When referring to olive oil being produced "solely by mechanical methods," it means that the oil is extracted from the olives without the use of chemicals or solvents, and without excessive heat that can degrade the oil's quality. Here are the primary mechanical methods used in the production of olive oil:

  1. Crushing: The first step in the process is crushing the olives to form a paste. Traditionally, this was done with stone mills, but modern facilities might use metal tooth grinders or hammer mills. The goal is to break down the cell walls of the olive fruit to release the oil.

  2. Malaxation: After crushing, the olive paste is slowly churned or mixed. This process, called malaxation, allows the small oil droplets to agglomerate and form larger oil droplets, making the subsequent extraction more efficient. It's crucial to manage the temperature during this phase to ensure the oil retains its quality.

  3. Centrifugation: The malaxed paste is then transferred to a centrifuge. The centrifuge spins the paste at high speeds, separating the oil from the solid pomace and the water. There are two main types of centrifuges used: the three-phase (which separates oil, water, and pomace) and the two-phase (which separates oil and a wet pomace).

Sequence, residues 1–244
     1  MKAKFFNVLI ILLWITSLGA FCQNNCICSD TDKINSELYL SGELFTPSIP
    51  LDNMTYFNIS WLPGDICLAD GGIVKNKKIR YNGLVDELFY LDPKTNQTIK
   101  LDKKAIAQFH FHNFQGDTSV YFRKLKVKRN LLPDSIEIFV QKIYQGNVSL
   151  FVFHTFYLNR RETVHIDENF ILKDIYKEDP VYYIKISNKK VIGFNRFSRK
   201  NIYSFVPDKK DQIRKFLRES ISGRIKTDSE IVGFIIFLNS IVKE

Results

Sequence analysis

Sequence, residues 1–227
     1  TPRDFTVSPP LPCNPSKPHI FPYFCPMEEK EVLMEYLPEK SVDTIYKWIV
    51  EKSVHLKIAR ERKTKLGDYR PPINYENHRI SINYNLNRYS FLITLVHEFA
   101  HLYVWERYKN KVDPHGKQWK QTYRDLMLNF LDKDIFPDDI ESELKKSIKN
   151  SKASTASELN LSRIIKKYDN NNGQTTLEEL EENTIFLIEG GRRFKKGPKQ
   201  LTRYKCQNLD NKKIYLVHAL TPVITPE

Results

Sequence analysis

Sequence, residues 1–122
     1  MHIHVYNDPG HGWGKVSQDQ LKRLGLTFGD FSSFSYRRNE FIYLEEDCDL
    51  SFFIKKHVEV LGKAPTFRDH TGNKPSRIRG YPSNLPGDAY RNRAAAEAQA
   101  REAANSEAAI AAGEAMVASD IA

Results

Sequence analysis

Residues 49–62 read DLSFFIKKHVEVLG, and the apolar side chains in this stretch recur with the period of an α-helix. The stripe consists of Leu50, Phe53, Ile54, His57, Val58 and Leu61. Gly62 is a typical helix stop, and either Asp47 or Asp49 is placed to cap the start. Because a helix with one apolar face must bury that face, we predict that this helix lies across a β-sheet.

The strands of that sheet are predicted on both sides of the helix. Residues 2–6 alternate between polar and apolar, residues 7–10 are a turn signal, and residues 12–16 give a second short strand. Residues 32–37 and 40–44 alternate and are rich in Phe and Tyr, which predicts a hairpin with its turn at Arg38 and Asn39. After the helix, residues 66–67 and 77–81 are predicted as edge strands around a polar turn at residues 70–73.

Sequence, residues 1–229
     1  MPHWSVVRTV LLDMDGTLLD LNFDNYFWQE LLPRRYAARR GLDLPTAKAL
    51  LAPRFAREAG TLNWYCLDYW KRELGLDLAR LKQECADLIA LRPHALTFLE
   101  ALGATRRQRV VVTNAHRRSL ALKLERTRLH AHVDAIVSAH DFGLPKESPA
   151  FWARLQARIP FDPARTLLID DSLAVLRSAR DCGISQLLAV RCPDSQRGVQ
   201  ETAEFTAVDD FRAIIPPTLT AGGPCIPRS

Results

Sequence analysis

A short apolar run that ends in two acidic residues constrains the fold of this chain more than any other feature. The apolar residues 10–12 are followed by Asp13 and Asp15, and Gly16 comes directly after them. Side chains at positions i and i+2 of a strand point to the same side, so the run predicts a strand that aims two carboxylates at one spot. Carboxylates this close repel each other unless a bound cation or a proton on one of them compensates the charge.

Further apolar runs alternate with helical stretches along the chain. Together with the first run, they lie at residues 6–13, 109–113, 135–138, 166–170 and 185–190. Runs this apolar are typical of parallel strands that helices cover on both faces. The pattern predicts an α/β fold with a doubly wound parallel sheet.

4. Decanting: After centrifugation, there might still be some water remaining with the oil. The oil is allowed to settle, and the water (which is denser) settles at the bottom. The oil can then be decanted or separated from the water.

  5. Filtration: To remove any remaining impurities, particles, or water, the oil might be filtered. This step is optional, and some producers might skip it to retain a more robust flavor or if they believe the filtration process might remove beneficial compounds.

These mechanical methods are physical processes that don't alter the chemical structure of the oil. They ensure that the oil remains in its most natural state, preserving its flavor, aroma, and nutritional properties.

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